proposal to the UN Food Systems Summit for a global, unifying label rating food against all relevant human rights has been published and we’ll be discussing it on July 27 at a United Nations pre-Food Systems Summit event. Do click here to register to join us.uota’s
The proposal published by the UN Food Systems Summit can also be found here. Our event and proposal are led by the “Godfather of the Omnilabel” Tim Lang, Emeritus Professor of Food Policy, City University. He first proposed the solution 20 years ago.
According to Professor Tim Lang, “Everyone says let’s just concentrate on one or two do-able things.
“Big food companies say we’re great big battle ships. We can’t turn around nimbly, we’re not canoeists. So, let’s just talk about climate. Let’s just deal with carbon. And they will be hard enough for us to do.
“The problem is in the meantime, soil, water, land use, culture, health inequalities, diet related inequalities and diet related ill-health get put to one side.
“Food has got to be addressed to meet a multiple set of crises. Social crises, economic ones, jobs, climate change, biodiversity, fishing, inequalities of health, rampant out of control ultra-processed diets. It is hopeless if we do not include water scarcity, because food is the biggest user of potable water on the planet.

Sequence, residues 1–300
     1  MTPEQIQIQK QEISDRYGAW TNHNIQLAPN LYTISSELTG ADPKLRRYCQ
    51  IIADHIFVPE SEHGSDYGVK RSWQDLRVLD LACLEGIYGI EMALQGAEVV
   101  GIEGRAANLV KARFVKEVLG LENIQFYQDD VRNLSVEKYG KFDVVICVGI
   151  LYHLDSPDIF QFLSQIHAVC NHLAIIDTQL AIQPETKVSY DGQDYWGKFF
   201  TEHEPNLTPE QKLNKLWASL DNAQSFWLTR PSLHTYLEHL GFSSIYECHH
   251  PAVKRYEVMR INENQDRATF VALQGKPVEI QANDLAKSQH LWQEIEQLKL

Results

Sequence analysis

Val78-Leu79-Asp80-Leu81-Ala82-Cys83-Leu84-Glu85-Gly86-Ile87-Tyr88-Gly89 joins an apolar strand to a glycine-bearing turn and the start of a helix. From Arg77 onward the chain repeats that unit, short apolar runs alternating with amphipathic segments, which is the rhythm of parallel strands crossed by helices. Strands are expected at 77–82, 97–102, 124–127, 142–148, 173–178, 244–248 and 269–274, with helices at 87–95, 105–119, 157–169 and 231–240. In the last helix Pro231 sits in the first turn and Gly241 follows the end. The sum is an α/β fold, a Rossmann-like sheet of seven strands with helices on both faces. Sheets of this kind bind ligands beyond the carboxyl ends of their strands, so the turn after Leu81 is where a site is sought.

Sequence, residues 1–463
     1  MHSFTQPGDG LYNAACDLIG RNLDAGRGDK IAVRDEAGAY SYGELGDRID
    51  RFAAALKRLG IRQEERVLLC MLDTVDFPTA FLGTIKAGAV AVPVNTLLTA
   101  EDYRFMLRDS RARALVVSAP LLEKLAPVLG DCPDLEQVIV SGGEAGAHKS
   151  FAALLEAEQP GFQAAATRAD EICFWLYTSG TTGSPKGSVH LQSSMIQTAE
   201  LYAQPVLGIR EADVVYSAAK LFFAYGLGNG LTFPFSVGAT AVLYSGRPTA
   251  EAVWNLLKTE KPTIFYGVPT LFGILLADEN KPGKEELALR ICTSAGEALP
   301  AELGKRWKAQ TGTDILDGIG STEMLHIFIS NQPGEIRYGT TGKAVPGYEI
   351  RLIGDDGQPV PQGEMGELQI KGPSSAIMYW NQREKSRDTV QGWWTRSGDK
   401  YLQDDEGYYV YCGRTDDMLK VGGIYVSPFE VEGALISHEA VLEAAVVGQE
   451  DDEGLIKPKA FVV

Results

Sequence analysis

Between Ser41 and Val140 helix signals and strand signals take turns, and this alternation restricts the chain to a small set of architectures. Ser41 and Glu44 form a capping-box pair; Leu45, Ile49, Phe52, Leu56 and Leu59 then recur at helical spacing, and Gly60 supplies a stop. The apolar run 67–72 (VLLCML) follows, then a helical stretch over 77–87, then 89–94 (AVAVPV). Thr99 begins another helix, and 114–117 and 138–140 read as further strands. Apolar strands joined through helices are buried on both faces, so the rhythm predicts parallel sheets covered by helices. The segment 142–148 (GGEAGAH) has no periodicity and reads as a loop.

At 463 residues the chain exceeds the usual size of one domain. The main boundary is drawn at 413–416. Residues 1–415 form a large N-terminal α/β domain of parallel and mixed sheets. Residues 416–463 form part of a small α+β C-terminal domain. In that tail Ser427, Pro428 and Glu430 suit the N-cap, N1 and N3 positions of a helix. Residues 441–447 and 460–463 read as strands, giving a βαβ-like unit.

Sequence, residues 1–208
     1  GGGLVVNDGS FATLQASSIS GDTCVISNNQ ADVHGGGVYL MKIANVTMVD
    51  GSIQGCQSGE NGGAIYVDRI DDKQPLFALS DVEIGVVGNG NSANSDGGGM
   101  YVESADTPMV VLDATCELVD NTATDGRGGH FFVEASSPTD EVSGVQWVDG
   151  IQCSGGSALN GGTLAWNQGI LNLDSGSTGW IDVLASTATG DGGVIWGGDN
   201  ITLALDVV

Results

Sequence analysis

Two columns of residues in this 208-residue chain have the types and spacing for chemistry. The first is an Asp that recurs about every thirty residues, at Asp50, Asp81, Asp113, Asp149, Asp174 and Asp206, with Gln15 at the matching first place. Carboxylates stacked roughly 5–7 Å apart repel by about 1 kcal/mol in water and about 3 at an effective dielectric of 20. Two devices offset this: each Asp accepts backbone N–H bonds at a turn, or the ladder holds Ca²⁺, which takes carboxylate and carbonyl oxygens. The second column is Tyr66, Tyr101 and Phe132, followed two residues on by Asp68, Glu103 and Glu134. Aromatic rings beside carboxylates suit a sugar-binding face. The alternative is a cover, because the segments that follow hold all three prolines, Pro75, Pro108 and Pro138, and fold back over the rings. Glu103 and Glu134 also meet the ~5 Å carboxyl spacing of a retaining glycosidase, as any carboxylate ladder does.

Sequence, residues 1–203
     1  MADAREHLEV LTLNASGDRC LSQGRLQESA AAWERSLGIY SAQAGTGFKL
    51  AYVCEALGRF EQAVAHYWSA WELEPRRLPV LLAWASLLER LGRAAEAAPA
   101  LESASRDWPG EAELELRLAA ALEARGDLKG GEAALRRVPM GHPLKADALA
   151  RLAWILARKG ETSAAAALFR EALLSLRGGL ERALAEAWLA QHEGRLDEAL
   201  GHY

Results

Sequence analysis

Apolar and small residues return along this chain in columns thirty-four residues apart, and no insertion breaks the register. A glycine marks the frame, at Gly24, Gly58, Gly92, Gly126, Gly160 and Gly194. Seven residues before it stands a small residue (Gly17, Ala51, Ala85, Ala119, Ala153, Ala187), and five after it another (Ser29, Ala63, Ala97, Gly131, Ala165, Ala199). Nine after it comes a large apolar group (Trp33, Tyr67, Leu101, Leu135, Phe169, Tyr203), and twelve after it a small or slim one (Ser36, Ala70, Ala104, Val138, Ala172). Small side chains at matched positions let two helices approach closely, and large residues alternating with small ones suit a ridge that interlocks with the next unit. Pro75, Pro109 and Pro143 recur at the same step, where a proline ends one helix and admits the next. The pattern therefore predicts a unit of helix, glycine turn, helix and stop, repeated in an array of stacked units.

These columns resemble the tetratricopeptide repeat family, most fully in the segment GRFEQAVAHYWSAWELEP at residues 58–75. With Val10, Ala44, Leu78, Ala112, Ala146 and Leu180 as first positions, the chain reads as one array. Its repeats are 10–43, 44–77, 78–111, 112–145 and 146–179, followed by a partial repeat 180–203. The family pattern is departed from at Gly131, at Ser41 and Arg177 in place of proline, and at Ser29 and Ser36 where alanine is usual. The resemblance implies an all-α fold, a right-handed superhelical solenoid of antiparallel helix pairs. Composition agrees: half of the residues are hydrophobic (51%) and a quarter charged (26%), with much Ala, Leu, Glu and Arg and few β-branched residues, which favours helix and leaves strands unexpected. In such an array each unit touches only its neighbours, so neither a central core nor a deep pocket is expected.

“There’s a panic button with meeting climate change targets”
“The food system’s got to change. How can we get change? If you stick to just calories and carbon, say, leave biodiversity out, you’re overlooking one of the main capacities to soak up carbon.
“So, I’m a multi-criteria man and I have been for 15, 20 years. And I stand by that even more than I did 15, 20 years ago.
“I worked up omni standards, with Sustain, the NGO, an alliance which I used to chair and indeed I helped set up 35 years ago.
“We dropped the idea 20 years ago because we said the world’s not ready for this yet, it’s too complicated.
“So where have I got to? Now is the time. Great ideas become more powerful when the moment is right. And I think we’re at one of those moments.
“There’s a panic button with academia around meeting climate change targets. The horizon to scan is very foreshortened. Britain’s Committee on Climate Change has said we need dietary change by 2030 – that’s nine years away. Not enough is happening.
“Without an omnilabel how can we get consumers to change? They’re the elephants in the room who keep being ignored. No-one is addressing consumers at the moment and that’s the gap that’s got to be filled.”
The proposed omnilabel rates food against all the UN’s sustainable development goals. You will find the metrics at the bottom of this article.
Also speaking at our UN pre-Food Systems Summit event on July 27 will be:
- Terrence Collingsworth of IRAdvocates who helped develop Rugmark with the International Labor Organization – a monitoring mechanism against slave labour.
- Anya Doherty, founder and CEO of Foodsteps which calculates carbon footprints for food labels. Her research has proven that informed consumers make food decisions with a positive environmental impact.